L shape HO layout plan suggestion

Affiliate Disclosure: We may receive a commision from some of the links and ads shown on this website (Learn More Here)

RailroadBookstore.com - An online railroad bookstore featuring a curated selection of new and used railroad books. Railroad pictorials, railroad history, steam locomotives, passenger trains, modern railroading. Hundreds of titles available, most at discount prices! We also have a video and children's book section.

ModelRailroadBookstore.com - An online model railroad bookstore featuring a curated selection of new and used books. Layout design, track plans, scenery and structure building, wiring, DCC, Tinplate, Toy Trains, Price Guides and more.

#1
Hey all. So I am trying to decide on a L shaped plan for a new railroad in my basement. The area I have 8 foot long by 8 foot long by 4 feet wide L. I haved looked on the internet etc bit nothing really catches my eye. I would like a small yard, room for a town and last 4 or 5 industries to deliver to. Maybe a lumberyard, sand processing plant, food warehouse etc. If anyone has any plans similar to that I'd really appreciate it. My dad and I had a basement sized layout forany years that he designed but sadly when he passed we sold his house and I didn't have anywhere to put it and we had to sell it. Thanks for your help!
 
Last edited:

santafewillie

Well-Known Member
#2
First of all, are you going to have access from all sides? 4' is a long way to reach, 32" is more optimal. The back corner of the "L", if in a corner will be impossible without an access hatch. I's not if you have an issue back there, but when! Murphy riles. What scale? I think that I remember you posting HO somewhere, but I don't exactly remember.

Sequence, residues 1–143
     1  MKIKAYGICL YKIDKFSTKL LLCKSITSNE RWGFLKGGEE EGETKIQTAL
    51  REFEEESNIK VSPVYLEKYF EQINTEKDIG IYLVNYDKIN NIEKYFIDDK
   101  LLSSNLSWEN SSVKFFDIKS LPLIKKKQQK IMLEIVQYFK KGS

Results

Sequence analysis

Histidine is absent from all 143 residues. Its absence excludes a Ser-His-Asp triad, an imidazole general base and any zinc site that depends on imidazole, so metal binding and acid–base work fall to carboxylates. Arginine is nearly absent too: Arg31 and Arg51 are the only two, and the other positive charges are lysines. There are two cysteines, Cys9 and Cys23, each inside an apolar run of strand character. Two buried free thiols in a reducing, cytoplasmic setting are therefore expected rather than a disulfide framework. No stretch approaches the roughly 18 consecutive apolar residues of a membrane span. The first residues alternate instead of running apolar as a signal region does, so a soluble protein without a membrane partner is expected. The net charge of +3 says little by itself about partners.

#3
First of all, are you going to have access from all sides? 4' is a long way to reach, 32" is more optimal. The back corner of the "L", if in a corner will be impossible without an access hatch. I's not if you have an issue back there, but when! Murphy riles. What scale? I think that I remember you posting HO somewhere, but I don't exactly remember.
Hey there. Yes I can get at all sides. With 32" I would have to use 15" radius and that's tight. Yes's ho scale. Thanks!
 

santafewillie

Well-Known Member
#4
32" was in reference to reach, not necessarily for a loop at the end. With access to all sides, then everything that you want can be accommodated easily. Town in one end, small stub yard in the other, with some passing sidings and industries in between.
 
#5
32" was in reference to reach, not necessarily for a loop at the end. With access to all sides, then everything that you want can be accommodated easily. Town in one end, small stub yard in the other, with some passing sidings and industries in between.
Oooo ok. That's about it really. Im making more.complicated than I have to lol. Thanks Willie.
 
#6
When you say 'table' do you actually mean all the trackage / right of way will be on flat board ? If you are planning grades are you aware of 'cookie cutter' technique ? Or, do your dimensions represent an area of space where bench might instead be 'open grid' or 'L girder' style ? Nothing wrong with flat plywood surface. But, it is tougher to work with far as installing structures with lighting, switch motor/signal wiring, little to no drainage ditches. One advantage of flat ply is that with cookie-cutting it you can easily forge a ramp to go below surface as well as above for, say, staging track(s), since little to no cross-members would be in the way.
You could skip the return-loop radius consideration all together, make surface narrower than 48", and instead have a 'point to point' RR with a wye, or turntable at each end of the line the way the 1:1 scale does it. This is my style (tho no MRR at this time), as it demands one to perform prototypical RR activity to turn locos and certain cars back in the other direction.